If I am wrong and "the ROC" is, in fact, a byword for "Taiwan", somebody better tell my neighbors, because they sure don't see it that way.
It is the driving belief behind rewriting history to make the KMT seem benevolent - "228 was a necessary step to 'stabilize' the situation in Taiwan" - and those who fought for Taiwanese democracy "troublemakers" (while re-writing that democracy as some kindly deathbed wish by an enlightened and saintly Chiang Ching-kuo). It's the belief marginalizes all non-Mainlanders, which prioritizes Mandarin as the primary language and Chinese history and culture as the primary focus in schools. It's the belief which keeps pushing for economically problematic deals with China. It's the driving force behind treating Taiwanese culture and language as something for 'peasants' and teaching children that before the KMT came in and "fixed everything", Taiwan was a poor backwater (this is, of course, completely false). It is the side that complains about Taiwanese who won't call themselves "Chinese", as though anyone had any right to tell someone else how to identify.
It is a byword for all of these things - for how they want Taiwan to be, in direct contradiction to public sentiment as well as what Taiwan already is.
One can argue that those who hold these beliefs and yet do want to see a future for Taiwan are just another side of the pro-independence coin, and I'd actually agree to an extent. I'm not that interested in the "taidu" vs. "huadu" debate; I find the whole thing a bit overcooked. Those who want Taiwanese independence can want it however they want, and I too am not sure there's a huge difference.
What I am interested in, however, is the papering over of the pro-China slant of the KMT. For example (and from the same link above):
That said, let's take a look at that imagery. I don't think enough people appreciate that the reason why the pro-Taiwan side hates the flag of the Republic of China is not necessarily because it is not a flag that originated in Taiwan. Certainly that is an issue, but what inspires such disgust for the ROC flag is that big ugly KMT sun. The reason people protest the national anthem is not that it's "not Taiwan's anthem". That surely instills some level of dislike or annoyance in many, but a lot of it is the lyrics that blatantly refer to one party (just look at the first few lines). The issue is not as much the ROC as it is the KMT's centrality and privilege within it. Many see that flag or hear that anthem and think of the relatives and ancestors that that party killed, imprisoned, tortured or "disappeared" - and yet there they are, still on the flag, still in the anthem.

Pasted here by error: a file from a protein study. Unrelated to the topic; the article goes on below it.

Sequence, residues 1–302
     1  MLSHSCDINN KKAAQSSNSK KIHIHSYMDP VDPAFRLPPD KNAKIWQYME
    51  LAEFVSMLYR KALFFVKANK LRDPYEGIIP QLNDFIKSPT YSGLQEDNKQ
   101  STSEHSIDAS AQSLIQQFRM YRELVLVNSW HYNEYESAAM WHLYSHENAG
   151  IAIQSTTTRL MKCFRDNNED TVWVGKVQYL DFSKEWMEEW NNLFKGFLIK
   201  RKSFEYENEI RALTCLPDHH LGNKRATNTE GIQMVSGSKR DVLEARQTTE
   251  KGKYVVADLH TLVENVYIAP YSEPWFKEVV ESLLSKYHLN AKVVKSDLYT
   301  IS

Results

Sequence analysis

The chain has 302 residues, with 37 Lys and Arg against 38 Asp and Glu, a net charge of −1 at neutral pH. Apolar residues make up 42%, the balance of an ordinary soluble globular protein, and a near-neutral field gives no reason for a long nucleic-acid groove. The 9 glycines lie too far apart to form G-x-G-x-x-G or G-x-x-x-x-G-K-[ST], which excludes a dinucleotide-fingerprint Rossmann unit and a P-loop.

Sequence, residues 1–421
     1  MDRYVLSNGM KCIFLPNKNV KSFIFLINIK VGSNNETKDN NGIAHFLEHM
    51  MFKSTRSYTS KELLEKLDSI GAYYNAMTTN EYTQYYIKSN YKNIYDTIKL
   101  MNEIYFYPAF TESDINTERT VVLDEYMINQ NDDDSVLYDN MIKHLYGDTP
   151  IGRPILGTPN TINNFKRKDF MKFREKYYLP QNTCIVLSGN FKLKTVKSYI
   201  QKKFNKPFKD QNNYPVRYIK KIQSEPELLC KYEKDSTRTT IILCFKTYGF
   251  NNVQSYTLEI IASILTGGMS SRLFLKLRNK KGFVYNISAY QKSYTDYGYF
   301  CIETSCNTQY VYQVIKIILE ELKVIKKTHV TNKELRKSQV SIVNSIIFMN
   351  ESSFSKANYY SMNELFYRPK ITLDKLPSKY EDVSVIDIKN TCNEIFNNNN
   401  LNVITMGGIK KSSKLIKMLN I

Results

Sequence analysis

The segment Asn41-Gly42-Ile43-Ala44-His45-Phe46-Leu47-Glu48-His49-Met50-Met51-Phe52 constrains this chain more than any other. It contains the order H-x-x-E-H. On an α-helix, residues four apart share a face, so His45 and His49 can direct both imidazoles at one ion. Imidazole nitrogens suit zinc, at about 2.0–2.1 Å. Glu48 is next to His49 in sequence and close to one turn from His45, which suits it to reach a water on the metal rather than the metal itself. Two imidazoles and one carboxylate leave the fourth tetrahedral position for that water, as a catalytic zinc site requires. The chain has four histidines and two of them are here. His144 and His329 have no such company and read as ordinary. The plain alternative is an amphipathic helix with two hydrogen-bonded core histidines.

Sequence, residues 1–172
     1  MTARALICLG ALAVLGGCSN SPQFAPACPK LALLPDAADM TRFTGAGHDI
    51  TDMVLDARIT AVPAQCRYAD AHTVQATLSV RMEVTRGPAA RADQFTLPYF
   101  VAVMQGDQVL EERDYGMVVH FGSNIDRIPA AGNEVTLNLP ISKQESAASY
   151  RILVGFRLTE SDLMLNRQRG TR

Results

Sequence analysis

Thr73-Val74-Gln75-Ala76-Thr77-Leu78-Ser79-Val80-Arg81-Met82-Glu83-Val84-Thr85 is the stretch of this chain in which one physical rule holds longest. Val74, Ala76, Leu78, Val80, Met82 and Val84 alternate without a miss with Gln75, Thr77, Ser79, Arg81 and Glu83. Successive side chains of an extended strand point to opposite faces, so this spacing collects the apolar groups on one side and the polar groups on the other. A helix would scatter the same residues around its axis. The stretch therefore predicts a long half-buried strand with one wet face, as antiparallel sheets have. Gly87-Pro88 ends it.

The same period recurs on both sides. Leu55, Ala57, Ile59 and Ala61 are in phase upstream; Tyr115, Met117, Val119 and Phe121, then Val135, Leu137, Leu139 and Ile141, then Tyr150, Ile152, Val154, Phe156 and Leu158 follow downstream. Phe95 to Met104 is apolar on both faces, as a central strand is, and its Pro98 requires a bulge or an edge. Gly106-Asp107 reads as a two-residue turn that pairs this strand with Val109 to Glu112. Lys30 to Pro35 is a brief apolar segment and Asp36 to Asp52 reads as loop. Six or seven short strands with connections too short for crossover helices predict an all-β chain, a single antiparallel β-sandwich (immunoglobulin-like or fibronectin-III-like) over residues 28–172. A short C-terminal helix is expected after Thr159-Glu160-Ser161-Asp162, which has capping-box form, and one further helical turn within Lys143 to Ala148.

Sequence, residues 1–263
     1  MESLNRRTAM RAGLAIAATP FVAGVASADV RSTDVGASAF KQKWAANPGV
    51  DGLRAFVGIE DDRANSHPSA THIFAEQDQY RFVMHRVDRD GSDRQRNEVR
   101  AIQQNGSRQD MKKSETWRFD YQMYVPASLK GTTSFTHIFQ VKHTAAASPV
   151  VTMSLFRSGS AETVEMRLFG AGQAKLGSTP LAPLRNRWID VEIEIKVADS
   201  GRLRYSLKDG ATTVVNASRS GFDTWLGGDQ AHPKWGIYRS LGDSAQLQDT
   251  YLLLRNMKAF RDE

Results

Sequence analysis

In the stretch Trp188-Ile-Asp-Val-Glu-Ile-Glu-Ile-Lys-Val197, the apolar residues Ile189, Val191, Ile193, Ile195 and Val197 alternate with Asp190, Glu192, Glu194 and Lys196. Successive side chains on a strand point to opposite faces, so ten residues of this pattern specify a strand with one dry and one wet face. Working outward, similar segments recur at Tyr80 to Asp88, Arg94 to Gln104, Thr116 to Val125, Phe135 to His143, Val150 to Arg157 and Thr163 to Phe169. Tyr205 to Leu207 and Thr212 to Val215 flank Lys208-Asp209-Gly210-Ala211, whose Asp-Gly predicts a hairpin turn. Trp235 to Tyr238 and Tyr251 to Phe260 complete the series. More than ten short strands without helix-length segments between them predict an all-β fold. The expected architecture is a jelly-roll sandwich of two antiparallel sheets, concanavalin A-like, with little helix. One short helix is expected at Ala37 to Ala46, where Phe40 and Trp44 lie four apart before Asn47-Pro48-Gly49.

How is it not obvious why this bothers them? Why should they be the ones to bridge this gap and accept symbols that are directly linked to the pain of their history?
Why should people be expected to "set aside" this difference? Why on earth should they have to pretend it's not a problem?
Yes, we have an ROC in which the KMT is out of power, but they still occupy that place of privilege on the flag and in the anthem. I do not see how it is acceptable that one party is enshrined in this way in a democracy, and do not see how such symbols can ever be viable symbols for that democracy.
Why should they look at that flag, celebrate Double Ten or hear that anthem (or look at that portrait of Sun Yat-Sen) and think Taiwan? If I were Taiwanese, I wouldn't.
I can't condone an attitude that the victims of a historical injustice should just quiet down already, because they're causing trouble with their protesting that the party that once killed their family members and mucked up their country for a generation still has their damn sun on the flag like it's all okay.
Yes, in today's Taiwan it is possible to refuse to sing the first two lines of the anthem, or to change the lyrics. It is acceptable to refuse to pay homage to Dr. Sun. It is okay to speak your mind about the flag and the party logo enshrined on it.
The problem is, we shouldn't have to do any of that. Taiwan deserves a flag that doesn't remind some of its citizens of the suffering of their ancestors, an anthem we can stand for proudly and a holiday that doesn't give us mixed feelings.
It doesn't do anyone any good at all to say we should push all of that down and pretend it's not a problem. It very much is.